A speck of a moon makes big waves in a new image of Saturn's rings taken by the Cassini spacecraft.
Captured July 2, 2016, the image shows Saturn's moon Pan inside the Encke gap, a 200-mile-wide (325 kilometers) space held open by the moon's orbit. Because the gravitational forces of Pan sweep most particles out of the gap, the moon is known as a "shepherd." The thin white lines seen in the gap are ringlets, mini-rings made of particles that Pan doesn't kick out of the gap, but does affect its orbit. [Latest Saturn Photos from Cassini's Orbiter]
Pan is only about 12 miles (20 kilometers) in diameter. Astronomers first inferred this tiny satellite's presence from gravitational disturbances captured by the Voyager program, which began in 1977, sending two spacecraft to the furthest reaches of the solar system. (Voyager has kept on chugging past that original mission: In 2013, NASA reported that the Voyager 1 spacecraft had become the first manmade object to make it to intersteller space, outside the bounds of the solar system.)
It wasn't until 1991, however, that scientists reported visual confirmation of Pan. Writing in the journal Nature, Mark Showalter, then of Stanford University, discovered that the moon was visible as a speck in images taken by the Voyager mission. Cassini's views are sharper: This image was taken by the spacecraft's narrow-angle camera in visible light when the spacecraft was about 840,000 miles (1.4 million km) from Saturn, according to NASA. Even so, Pan has been brightened by a factor of two so that it stands out against the dark of the Encke gap.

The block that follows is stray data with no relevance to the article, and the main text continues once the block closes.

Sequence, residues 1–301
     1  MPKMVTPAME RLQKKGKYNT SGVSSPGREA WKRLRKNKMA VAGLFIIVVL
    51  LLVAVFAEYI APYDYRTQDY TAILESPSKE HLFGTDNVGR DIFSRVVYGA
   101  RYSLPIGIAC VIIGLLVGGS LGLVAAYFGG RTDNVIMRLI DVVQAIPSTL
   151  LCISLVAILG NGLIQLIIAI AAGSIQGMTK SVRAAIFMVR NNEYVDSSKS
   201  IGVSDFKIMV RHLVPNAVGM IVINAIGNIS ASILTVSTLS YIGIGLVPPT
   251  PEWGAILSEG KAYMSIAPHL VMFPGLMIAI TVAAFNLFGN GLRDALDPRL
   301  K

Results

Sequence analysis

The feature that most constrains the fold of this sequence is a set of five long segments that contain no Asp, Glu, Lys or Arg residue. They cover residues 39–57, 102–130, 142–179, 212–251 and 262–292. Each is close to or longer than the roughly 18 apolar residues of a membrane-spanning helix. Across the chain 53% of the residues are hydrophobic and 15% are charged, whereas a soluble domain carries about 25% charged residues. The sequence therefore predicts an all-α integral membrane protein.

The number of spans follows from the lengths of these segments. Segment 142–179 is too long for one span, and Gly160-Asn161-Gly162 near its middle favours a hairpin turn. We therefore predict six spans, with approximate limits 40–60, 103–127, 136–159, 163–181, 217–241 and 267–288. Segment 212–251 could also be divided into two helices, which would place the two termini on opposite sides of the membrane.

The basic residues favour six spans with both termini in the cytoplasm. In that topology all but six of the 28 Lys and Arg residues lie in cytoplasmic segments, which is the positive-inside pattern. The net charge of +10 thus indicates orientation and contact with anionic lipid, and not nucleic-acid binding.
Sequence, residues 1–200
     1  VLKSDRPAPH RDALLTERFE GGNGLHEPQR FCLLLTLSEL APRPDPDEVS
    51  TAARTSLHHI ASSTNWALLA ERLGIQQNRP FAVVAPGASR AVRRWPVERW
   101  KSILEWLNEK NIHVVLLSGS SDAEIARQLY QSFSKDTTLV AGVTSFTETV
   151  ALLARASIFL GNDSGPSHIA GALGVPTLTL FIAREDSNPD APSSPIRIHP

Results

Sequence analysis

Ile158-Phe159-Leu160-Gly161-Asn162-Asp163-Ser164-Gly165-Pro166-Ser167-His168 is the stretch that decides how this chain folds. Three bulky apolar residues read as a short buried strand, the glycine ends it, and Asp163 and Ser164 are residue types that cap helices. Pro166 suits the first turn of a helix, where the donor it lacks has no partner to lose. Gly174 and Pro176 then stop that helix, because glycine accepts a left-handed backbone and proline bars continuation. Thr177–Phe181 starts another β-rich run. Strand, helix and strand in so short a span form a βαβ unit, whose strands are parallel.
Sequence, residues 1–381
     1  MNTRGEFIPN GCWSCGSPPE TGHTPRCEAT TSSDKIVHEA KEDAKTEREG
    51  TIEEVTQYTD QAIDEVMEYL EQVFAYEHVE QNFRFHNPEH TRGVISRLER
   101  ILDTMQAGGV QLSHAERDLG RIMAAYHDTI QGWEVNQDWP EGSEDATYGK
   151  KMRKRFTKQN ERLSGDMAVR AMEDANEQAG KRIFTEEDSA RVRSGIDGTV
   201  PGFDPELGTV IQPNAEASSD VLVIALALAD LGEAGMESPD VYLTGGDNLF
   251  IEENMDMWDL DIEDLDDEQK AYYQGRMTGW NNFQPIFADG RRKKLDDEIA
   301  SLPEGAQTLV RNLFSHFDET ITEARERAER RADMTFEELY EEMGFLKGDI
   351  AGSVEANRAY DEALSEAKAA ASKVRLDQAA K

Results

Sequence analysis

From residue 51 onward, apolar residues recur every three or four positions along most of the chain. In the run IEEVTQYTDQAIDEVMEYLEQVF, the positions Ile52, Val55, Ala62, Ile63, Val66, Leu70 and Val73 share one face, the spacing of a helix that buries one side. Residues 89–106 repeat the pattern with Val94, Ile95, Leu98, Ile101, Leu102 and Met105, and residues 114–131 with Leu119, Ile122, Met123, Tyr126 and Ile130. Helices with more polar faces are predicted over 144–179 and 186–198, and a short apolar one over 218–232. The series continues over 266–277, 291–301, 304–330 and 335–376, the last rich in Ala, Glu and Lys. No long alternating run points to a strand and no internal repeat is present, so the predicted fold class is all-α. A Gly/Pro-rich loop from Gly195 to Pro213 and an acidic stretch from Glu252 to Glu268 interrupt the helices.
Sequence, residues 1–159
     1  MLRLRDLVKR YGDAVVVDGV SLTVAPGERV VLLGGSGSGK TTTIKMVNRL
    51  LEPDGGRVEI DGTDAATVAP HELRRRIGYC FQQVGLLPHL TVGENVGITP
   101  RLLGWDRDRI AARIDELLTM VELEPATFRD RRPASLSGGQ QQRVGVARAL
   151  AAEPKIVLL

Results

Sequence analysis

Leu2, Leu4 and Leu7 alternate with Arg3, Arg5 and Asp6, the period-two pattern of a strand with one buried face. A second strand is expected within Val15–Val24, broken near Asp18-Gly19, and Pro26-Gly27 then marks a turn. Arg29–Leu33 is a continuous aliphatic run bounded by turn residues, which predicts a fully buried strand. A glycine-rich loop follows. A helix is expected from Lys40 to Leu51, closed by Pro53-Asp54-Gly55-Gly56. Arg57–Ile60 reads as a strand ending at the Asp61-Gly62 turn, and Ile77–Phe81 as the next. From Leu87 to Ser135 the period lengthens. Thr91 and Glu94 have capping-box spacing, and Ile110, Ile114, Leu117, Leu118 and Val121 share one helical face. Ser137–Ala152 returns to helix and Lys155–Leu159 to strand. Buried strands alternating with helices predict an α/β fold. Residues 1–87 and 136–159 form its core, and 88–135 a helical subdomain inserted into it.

The Cassini mission is a partnership of NASA, the European Space Agency and the Italian Space Agency. The spacecraft launched in 1997, carrying a probe called Huygens that landed on Titan, Saturn's largest satellite, in 2005. Cassini continues to orbit Saturn. Later this year, NASA plans to send the spacecraft into a set of orbits the agency is calling the Grand Finale, which will send Cassini circling the planet's poles just outside the outermost ring. The spacecraft will then shoot the gap between the innermost ring and the planet's atmosphere to measure Saturn's gravitational fields and even sample its outer atmosphere.
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Stephanie Pappas is a contributing writer for Live Science, covering topics ranging from geoscience to archaeology to the human brain and behavior. She was previously a senior writer for Live Science but is now a freelancer based in Denver, Colorado, and regularly contributes to Scientific American and The Monitor, the monthly magazine of the American Psychological Association. Stephanie received a bachelor's degree in psychology from the University of South Carolina and a graduate certificate in science communication from the University of California, Santa Cruz.